Q I am the clerk for my municipality, and like most municipal clerks, I have handled many requests under the Open Public Records Act over the past couple of years. However, I have finally received an OPRA request that I do not know how to handle. A resident who had a variance application denied has asked me for all “similar variance denials” by the municipality. Even if I knew what denials he would consider “similar” to his, I would not know how to begin gathering this information. How should I handle this?
A According to rulings of the Government Records Council and the Appellate Division, this request is not an appropriate Open Public Records Act request. OPRA requests must be for specific, identifiable records, rather than information. The requester cannot require that the records custodian do research to find all records on a broad topic like the one you describe. In Reda v. TP. of West Milford, GRC Complaint No. 2002-58 (January 17, 2003), an individual asked for information regarding a municipality’s liability settlements, but did not request specific records. The GRC rejected the request, noting that the custodian is only required to retrieve records, and the requester must do any research and analysis required.
The Appellate Division reversed the Law Division order requiring defendant to comply with an improper OPRA request in MAG Entertainment. LLC v. Division of Alcoholic Beverage Control, 375 NJ Super 534 (App. Div. 2005). The requester asked for all records concerning ABC suspensions of liquor licenses for serving liquor to an intoxicated person in connection with a fatal auto accident or concerning such suspensions for more than 45 days for “lewd or immoral activity.” In denying the request, the Court said “…OPRA does not countenance open-ended searches of an agency’s files…(T)he request failed to identify with any specificity or particularity the governmental records sought…”
Similarly, the request that was made to you is not an appropriate OPRA request. You should explain to the requester in your denial why you cannot comply with the request as given. If he can identify the records sufficiently so that you can retrieve them without extensive research and analysis, then you should, of course, do so.
Q I am a council member in a municipality governed by the Mayor-Council form of government under the Faulkner Act. The council has always retained professional consultants for the council by resolution, without the participation of the mayor. The new municipal attorney has called this procedure into question, claiming that the mayor must negotiate all contracts for the municipality under our form of government, subject to the approval of council. I always thought that the mayor and council were equal in power in the mayor-council form, and that therefore the council would have sole responsibility concerning contracting with professionals who would work with the council. After all, these consultants aid us in exercising our “legislative and investigative” functions under N.J.S.A. 40:69A-32(b). Who is right?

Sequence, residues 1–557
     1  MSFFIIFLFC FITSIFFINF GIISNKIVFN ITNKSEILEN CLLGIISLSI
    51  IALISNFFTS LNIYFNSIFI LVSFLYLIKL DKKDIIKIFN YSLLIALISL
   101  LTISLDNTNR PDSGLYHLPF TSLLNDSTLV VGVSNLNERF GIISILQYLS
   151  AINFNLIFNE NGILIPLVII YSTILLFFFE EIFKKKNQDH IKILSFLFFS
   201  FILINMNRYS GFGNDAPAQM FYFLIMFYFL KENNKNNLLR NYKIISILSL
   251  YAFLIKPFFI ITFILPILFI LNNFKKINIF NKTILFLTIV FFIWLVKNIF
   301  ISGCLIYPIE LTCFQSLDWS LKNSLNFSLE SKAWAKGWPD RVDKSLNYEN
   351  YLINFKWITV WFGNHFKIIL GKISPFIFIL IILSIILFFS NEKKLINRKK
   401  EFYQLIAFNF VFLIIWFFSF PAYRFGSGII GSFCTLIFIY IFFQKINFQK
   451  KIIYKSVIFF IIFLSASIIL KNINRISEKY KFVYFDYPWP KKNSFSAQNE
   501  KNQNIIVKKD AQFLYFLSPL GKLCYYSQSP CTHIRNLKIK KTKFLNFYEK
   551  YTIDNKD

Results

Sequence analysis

A Your municipal attorney is right, according to a recent New Jersey Supreme Court case concerning a similar fact pattern. In Municipal Council of the City of Newark v. Sharpe James, Mayor of the City of Newark, 183 NJ 361(2005), the court noted the statute section you mention, allotting certain general functions to the mayor and other general functions to the council in the mayor-council form of government, but pointed out that this general division of powers applied under the law “ …unless the explicit terms and context of (any) statute require a contrary construction.” Therefore, the court said, the allocation of powers expressed in N.J.S.A. 40:69A-32(b) has no relevance to the negotiation of contracts in such a municipality, because N.J.S.A. 40:69A-40 j. specifically gives the mayor the duty to “Negotiate contracts for the municipality, subject to council approval.” It is unnecessary to analyze whether contract negotiation is a legislative (council) function or an executive (mayoral) function because the statute specifically assigns this power to the mayor.
Q Can a municipal governing body give out cash awards to its employees? Is this an appropriate use of municipal funds?
A New Jersey specifically authorizes cash and other awards to county and municipal officers and employees under N.J.S.A. 40A:9-18, as long as they are given as part of an awards program established by resolution. These awards may be in the form of “cash, medals, certificates, insignia, or other appropriate devices or tokens of appreciation…” The statute also provides that funds may be appropriated for such a program.
This column is for informational purposes only, and is not intended as legal advice.